Heat-stricken residents in some areas finally got a small break Sunday from the oppressive triple-digit temperatures that have killed at least 44 people in the Southeast and Midwest.
Temperatures reached 94 in Memphis, well short of the predicted 102 and the first time in 10 days it didn’t break 100. It was forecast to reach 96 on Monday before hovering near the century mark the rest of the week.
The local health department said the city’s heat index — a measure that factors in humidity to describe how hot it feels — has broken 100 every day since June 27.
Temperatures also finally dropped into the mid-90s and upper 80s Sunday in Alabama, Arkansas, Georgia and Missouri after more than a week of triple-digits. Americus, in southwest Georgia, was still expected to reach 99 degrees Monday.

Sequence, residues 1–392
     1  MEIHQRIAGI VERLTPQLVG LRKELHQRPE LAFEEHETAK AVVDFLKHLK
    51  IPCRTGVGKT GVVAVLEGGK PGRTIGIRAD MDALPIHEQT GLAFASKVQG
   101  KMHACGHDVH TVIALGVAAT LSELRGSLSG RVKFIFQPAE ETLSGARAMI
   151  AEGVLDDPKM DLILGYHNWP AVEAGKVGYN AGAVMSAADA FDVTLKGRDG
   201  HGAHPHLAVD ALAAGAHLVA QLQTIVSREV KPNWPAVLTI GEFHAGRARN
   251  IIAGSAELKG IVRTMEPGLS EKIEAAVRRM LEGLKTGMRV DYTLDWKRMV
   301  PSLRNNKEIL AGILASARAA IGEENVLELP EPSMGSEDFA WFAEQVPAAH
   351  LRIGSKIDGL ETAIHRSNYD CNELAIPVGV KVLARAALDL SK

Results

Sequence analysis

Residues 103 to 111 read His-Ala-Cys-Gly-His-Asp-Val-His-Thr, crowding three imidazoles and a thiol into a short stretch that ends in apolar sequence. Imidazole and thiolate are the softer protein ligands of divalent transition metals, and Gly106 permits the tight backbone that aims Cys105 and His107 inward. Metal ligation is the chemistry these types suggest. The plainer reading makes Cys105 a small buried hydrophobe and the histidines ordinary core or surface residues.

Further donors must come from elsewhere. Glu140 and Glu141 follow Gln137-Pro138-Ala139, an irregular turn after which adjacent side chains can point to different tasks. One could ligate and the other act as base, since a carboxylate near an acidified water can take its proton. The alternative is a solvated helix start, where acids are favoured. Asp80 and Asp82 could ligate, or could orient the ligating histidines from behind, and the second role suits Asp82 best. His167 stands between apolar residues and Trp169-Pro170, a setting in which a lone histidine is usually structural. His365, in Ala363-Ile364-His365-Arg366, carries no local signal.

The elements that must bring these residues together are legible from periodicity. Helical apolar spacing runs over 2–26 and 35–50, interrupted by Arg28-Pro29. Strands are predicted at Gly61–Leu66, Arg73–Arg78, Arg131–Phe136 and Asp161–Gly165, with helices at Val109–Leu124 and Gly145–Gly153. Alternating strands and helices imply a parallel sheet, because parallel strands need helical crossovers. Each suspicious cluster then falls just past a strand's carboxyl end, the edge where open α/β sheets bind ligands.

Experts warned that the heat and extended drought conditions could mean an early start to the fire season, which usually doesn’t begin until October.
Leaves of some species of trees have already begun to brown and drop to the ground as trees suffer continued stress from the recent extreme weather that has blanketed the South coupled with April’s late freeze. That will create wildfire conditions during the closing weeks of summer.
“There’s going to be a lot of flammable material out there,” said Tim Phelps, Tennessee Department of Agriculture information and education program specialist.